Angry India offers to rescue Afghan statues

NEW DELHI, March 2 (Reuters) - Branding the Taliban's plans to smash relics from Afghanistan's cultural past a "regression into mediaeval barbarism," India offered on Friday to look after the artefacts for all mankind.

"If the Taliban do not wish to retain this inheritance, India would be happy to arrange for the transfer of all these artefacts to India where they would be kept safely and preserved for all mankind, in the full knowledge and clear understanding that they are, in the first place and above all, treasures of the Afghan people themselves," Foreign Minister Jaswant Singh said.

In a statement to parliament, he said Afghanistan's radical rulers appeared bent on committing "a sacrilege to humanity" with their plans to blow up two towering rock-hewn statues of Buddha.

Activists of Prime Minister Ata Behari Vajpayee's Bharatiya Janata Party, which leads the federal coalition, staged a demonstration in Bombay and burnt an effigy of Taliban leader Mullah Mohamad Omar, who ordered the destruction of the statues.

A resolution adopted by both houses of the Indian parliament said the chambers unanimously condemned the "barbarism and anti-civilisational intent" of Taliban at the start of a new millennium when civilisations were coming together on the basis of shared values and dialogue.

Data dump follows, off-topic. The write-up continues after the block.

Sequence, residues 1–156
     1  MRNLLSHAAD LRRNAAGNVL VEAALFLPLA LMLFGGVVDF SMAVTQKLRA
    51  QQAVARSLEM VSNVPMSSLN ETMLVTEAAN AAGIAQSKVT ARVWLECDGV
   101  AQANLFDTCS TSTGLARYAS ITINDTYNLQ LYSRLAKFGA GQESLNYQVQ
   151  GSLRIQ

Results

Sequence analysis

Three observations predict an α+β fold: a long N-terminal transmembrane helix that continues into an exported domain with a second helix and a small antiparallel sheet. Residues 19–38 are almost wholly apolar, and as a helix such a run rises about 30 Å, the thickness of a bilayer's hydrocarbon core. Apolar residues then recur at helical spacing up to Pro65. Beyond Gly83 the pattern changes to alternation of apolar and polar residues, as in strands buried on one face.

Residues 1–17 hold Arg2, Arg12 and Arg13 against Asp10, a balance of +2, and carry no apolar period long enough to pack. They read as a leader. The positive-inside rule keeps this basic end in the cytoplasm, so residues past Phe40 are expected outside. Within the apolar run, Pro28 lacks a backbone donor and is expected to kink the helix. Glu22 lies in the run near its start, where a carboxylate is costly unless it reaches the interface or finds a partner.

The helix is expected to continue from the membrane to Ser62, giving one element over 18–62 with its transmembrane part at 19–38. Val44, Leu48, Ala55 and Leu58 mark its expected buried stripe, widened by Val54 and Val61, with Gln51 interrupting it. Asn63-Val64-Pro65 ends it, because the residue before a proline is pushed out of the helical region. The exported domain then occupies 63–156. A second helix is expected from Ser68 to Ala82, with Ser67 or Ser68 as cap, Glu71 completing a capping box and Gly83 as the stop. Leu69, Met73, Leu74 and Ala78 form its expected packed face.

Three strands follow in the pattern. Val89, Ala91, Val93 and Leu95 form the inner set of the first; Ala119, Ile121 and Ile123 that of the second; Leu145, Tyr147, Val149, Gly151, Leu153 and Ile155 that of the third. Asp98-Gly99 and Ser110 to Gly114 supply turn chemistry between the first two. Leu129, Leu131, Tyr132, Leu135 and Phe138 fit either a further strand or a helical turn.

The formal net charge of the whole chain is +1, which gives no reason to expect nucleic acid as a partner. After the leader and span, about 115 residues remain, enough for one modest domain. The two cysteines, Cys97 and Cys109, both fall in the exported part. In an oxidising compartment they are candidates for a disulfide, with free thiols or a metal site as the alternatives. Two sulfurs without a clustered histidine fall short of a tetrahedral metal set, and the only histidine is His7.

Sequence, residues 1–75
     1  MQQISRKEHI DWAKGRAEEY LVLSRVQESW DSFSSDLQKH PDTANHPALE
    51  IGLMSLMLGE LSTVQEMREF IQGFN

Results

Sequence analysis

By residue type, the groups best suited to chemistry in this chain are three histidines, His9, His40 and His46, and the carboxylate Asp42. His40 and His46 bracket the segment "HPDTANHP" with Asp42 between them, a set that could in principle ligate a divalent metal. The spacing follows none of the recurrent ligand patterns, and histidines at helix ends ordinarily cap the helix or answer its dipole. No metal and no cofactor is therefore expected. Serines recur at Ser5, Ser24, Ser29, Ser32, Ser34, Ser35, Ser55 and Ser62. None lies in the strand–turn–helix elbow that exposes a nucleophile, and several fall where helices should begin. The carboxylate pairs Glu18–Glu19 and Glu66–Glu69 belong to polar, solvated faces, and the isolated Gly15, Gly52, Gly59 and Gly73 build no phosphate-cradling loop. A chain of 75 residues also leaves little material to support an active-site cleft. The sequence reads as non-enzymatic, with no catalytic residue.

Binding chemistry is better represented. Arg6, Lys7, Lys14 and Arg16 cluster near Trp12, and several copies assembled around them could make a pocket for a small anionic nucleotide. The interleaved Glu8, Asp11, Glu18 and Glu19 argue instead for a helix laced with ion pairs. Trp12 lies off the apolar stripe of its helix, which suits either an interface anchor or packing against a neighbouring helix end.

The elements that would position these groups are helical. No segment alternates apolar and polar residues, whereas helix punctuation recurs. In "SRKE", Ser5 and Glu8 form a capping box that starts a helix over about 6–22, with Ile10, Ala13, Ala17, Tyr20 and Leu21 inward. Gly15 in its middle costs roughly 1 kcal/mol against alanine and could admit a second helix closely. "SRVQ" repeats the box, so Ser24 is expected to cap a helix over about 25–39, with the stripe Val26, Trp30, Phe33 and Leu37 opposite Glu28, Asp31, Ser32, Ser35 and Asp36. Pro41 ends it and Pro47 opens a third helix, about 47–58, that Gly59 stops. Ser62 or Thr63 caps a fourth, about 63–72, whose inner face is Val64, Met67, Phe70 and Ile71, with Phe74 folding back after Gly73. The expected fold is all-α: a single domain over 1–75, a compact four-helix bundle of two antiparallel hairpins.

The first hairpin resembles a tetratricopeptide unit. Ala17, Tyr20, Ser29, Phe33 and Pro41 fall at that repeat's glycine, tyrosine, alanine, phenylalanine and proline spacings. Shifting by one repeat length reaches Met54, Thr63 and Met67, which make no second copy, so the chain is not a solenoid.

"They have moved tanks and guns to destroy one of the greatest examples of human creativity," said the resolution.

"We hope the world community and especially the United Nations will take note of this and prevail upon the Taliban in Afghanistan to desist from this senseless, destructive act," it said.

Earlier the Pakistan-based Afghan Islamic Press quoted Taliban sources as saying explosives were being assembled to destroy the Bamiyan statues, which date back to a few centuries after the birth of Christ.

The Indian parliament resolution called this "an appalling act of cultural vandalism."

The Taliban have targeted statues in the name of a purist vision of Islam, drawing outrage from around the world.

In New York on Thursday, Philippe de Montbello, the director of the Metropolitan Museum of Art, one of the world's premier repositories of art and artefacts, offered to purchase the Afghan statues rather than see them destroyed.

"This regression in mediaeval barbarism is precisely what India, amongst many other countries, has been cautioning the world against for so long, " Singh said.

He said the international community had condemned and rejected the Taliban's ideological orientations.

These orientations, he said, had been responsible for Taliban-controlled territories emerging as "the world's principal centre of international terrorism, illicit drugs and violation of human rights, especially those of women."

Indian lawmakers called for an end to the destruction of artefacts.

"What is going on in Afghanistan is horrible. Vandalism cannot be allowed to go on," said Jaipal Reddy, a leader from the opposition Congress party.